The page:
The first thing I think of when I hear that word is the “geriatric ward” of a hospital. Where elderly people are cared for. There is a specialized practice of medicine for people who are already collecting Social Security. I was only halfway there when I got pregnant, closer to 18 than I was to 65.

In Fact, I’m Pretty Immature

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Pratfalls crack me up. I even get a kick out of some bathroom humor. I toggle easily between highbrow and lowbrow. I love expensive and cheap wine equally, since it all has pretty much the same effect on me. Every now and then I have to ask myself if I’m actually old enough to have kids, because I still feel like a kid myself. I even buy some of my clothes in the kids section since it’s hard to find Star Wars shirts in the grown-up ladies department.

Being Ready For Motherhood Is Not Just A Question Of My Physical State

Apparently, the age range for when to ideally have a baby (based purely on one’s physical state) is in your 20s, when fertility peaks for most women. OK, so maybe my body was at its prime when I was 27, but I was not at all fit to take care of a baby at that point in my life. I was on the verge of ending a serious relationship, I lived in a tiny one-bedroom walk-up, and I was about to change jobs for the third time in as many years. While other women in their 20s make terrific moms, I know I wouldn’t have.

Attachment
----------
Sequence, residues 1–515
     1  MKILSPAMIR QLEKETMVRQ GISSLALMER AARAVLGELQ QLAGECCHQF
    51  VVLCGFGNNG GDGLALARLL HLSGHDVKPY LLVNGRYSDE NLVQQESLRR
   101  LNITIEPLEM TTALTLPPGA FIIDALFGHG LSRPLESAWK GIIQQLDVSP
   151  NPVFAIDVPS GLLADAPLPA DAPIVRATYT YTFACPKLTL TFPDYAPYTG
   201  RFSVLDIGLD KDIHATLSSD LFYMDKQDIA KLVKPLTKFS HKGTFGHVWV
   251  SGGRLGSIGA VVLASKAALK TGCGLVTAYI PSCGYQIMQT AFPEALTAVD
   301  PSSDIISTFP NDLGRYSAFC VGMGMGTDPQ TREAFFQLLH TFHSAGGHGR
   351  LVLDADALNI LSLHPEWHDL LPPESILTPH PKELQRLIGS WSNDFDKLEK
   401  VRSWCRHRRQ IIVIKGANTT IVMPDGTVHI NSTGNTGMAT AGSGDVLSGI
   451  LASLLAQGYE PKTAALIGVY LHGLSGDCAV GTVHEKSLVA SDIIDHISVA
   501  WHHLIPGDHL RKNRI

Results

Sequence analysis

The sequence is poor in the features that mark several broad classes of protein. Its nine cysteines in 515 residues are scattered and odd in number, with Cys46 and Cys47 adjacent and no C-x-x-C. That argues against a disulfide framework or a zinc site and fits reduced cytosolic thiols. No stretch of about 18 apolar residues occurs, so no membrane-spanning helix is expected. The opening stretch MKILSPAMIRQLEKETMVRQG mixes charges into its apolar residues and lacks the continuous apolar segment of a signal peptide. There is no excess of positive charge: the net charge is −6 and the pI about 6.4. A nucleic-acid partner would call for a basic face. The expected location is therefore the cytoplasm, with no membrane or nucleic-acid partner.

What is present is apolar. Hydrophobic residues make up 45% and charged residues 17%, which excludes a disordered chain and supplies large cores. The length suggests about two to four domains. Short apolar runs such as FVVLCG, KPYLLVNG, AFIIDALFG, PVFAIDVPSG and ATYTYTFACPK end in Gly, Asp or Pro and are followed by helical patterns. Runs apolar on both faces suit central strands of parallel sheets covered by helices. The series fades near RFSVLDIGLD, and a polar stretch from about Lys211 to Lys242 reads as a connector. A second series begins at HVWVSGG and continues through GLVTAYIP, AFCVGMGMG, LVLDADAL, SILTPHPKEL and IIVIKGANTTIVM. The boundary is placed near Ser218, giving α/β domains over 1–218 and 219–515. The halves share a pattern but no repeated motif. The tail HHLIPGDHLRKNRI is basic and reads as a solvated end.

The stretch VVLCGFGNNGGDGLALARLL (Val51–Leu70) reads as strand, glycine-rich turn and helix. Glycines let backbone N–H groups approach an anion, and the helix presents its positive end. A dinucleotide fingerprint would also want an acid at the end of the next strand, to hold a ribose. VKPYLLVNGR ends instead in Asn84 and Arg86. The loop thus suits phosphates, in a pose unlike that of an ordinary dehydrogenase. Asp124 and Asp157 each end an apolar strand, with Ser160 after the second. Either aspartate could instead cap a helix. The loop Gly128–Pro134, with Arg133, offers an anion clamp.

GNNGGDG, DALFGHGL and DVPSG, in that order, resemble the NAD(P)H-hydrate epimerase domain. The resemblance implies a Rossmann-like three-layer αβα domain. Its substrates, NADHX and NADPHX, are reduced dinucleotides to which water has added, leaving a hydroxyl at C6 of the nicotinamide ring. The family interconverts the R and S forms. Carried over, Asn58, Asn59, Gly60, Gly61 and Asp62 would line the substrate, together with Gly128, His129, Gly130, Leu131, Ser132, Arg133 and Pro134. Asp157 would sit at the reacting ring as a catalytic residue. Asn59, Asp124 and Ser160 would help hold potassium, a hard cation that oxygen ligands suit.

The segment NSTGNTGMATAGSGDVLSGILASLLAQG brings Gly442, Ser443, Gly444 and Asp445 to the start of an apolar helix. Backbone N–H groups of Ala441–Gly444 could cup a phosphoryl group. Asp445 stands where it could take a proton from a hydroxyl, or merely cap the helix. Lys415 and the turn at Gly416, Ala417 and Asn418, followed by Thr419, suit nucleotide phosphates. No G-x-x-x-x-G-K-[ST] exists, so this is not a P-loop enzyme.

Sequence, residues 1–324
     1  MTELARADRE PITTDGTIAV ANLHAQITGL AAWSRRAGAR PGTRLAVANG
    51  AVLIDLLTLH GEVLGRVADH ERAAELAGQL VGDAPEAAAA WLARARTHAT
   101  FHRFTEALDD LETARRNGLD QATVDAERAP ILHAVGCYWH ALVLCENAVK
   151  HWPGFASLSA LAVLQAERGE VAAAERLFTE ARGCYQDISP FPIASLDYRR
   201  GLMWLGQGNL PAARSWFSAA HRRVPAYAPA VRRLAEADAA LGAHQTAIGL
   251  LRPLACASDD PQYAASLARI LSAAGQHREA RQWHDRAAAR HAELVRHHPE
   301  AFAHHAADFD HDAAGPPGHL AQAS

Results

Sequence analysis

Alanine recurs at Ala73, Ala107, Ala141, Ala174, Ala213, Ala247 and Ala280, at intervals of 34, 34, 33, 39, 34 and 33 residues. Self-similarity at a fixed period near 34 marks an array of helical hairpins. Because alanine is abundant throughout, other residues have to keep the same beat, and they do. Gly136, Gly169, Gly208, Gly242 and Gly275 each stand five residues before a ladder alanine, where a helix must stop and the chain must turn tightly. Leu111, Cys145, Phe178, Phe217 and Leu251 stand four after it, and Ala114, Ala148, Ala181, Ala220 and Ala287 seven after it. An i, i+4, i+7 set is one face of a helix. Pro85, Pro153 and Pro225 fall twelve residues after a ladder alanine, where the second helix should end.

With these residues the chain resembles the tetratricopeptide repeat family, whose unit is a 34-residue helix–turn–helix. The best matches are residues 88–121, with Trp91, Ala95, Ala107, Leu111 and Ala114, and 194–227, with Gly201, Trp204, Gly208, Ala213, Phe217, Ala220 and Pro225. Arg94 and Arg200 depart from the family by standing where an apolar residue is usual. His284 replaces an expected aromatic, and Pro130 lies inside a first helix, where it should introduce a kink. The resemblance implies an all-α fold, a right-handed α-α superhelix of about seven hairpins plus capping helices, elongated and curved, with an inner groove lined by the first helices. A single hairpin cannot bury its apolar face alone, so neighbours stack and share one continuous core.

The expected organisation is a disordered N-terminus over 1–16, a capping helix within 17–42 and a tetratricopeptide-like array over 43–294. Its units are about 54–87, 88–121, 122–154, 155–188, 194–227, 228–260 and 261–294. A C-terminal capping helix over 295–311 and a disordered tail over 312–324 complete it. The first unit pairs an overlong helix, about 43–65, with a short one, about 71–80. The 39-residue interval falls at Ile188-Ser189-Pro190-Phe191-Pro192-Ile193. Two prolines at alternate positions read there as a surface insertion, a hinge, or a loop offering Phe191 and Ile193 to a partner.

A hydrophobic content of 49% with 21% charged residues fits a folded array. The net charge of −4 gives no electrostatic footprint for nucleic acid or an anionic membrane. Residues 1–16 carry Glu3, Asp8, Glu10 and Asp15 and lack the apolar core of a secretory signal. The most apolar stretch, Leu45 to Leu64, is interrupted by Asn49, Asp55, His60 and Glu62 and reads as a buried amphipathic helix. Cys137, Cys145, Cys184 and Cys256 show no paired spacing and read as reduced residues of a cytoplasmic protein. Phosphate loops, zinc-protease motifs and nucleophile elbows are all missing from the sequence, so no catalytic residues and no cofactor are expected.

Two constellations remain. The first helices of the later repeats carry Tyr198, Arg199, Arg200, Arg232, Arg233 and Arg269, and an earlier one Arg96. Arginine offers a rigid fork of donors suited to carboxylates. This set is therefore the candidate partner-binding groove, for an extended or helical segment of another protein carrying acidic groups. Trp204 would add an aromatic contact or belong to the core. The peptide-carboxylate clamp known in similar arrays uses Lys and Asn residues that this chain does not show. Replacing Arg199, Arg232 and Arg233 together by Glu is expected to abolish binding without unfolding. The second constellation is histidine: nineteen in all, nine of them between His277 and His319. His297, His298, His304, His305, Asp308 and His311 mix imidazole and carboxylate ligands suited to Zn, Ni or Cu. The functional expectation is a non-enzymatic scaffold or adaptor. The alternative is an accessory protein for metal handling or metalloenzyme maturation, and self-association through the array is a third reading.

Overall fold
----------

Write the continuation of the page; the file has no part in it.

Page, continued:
It’s Yet Another Standard Women Are Held To That Men Aren’t

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I really hated being “diagnosed” merely by my age. Despite being in great shape (thanks to my gym addiction), my pregnancy was riskier on the other side of 35. My OB had me getting ultrasounds twice a week in my last month of pregnancy. At that size, shlepping to the hospital at that frequency took a lot of effort, and a lot of juggling, as I was still at my job full time. And for what? My daughter was born healthy without any intervention during her birth. That whole process annoyed me, especially because my husband’s age was never a factor in any of it. (He’s two years older than me, by the way.) And nobody has ever had an issue with that in terms of his waning physical ability as it might pertain to fatherhood.

How Can I Be Geriatric After Only 17 Years Of Adulting?

This math just doesn’t add up. If I’m officially an adult, as defined by my right to vote, at age 18, and my life expectancy is in the eighties. how can I already be of some advanced age before hitting 40?

It Enforces The Idea Of A Biological Clock